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They're Making Oil From Manure
When most people look at those giant slurry tanks popping up all over the country on giant hog and dairy farms, they see a big problem. But researchers at the University of Illinois say the slurry in the big tanks could be turned into oil to power cars, trucks, tractors and any other internal combustion engine.
  A group of engineers at the University's ag engineering laboratory have successfully used a "thermochemical" process to convert liquid hog manure to oil. Their goal was to reduce slurry waste and to produce fuel for the farm.
  So far the experiment is confined to a bench-top unit but they say there's no reason the small-scale results should not carry over into full-size production.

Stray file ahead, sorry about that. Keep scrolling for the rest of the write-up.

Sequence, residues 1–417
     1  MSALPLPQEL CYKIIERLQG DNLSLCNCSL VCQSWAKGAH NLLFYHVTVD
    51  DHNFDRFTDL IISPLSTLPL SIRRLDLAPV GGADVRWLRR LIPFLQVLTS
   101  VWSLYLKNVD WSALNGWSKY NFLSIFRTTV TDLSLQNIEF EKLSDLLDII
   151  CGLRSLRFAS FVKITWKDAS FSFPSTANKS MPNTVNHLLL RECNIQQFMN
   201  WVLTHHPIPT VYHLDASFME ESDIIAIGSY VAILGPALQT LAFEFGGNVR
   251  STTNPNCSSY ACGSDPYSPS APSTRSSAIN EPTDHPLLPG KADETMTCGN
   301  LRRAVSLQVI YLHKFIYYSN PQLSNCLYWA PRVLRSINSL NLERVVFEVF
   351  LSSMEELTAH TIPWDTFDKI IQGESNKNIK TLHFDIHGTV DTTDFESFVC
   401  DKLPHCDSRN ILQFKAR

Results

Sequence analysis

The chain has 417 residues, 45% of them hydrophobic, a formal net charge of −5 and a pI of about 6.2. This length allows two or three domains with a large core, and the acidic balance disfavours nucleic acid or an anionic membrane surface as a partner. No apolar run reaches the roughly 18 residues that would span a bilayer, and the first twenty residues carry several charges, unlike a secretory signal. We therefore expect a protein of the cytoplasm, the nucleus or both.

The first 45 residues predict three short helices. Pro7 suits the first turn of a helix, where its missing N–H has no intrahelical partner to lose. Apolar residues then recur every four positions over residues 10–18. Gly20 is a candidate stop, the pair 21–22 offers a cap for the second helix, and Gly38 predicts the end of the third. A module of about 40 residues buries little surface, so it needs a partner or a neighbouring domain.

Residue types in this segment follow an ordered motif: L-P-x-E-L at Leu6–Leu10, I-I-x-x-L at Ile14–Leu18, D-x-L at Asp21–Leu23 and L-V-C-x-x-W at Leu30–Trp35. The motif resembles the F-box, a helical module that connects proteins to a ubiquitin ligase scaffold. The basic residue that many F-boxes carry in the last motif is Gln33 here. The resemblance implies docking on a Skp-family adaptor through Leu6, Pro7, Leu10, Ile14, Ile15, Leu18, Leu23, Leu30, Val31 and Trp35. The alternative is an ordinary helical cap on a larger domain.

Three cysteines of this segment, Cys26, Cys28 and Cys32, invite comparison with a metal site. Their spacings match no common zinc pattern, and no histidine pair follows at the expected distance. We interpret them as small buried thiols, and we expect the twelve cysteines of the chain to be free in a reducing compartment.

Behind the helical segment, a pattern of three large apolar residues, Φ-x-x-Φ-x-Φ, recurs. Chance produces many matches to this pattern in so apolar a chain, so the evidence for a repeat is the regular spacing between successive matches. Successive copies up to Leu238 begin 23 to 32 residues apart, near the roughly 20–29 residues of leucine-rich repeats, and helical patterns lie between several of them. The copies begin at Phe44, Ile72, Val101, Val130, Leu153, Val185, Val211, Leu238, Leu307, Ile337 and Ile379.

The liquid manure is heated to 250 to 300 degrees for about two hours. Then carbon monoxide was added and the "product" put under a moderate amount of pressure.
  The result was amazing. Oil yield was as high as 63% of the initial volatile solids in the manure, and the quality of the oil was relatively high. Less than a third of the original waste material was left to dispose of after the oil conversion process.
  Although it has long been known that oil can be made from any source of carbon by putting it under pressure and heat, it appears liquid manure is particularly well-suited to the process. And although the oil produced might cost more per gallon than petroleum fuels, the added benefit of reducing waste material might offset the cost.
  The researchers reported their results to the American Society of Agricultural Engineers in paper 994062. A copy is available through ASAE.
  Contact: FARM SHOW Followup, ASAE, 2950 Niles Rd., St. Joseph, Mich. 49085 (ph 616 429-0300; E-mail: hq@asae.org).

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2000 - Volume #24, Issue #4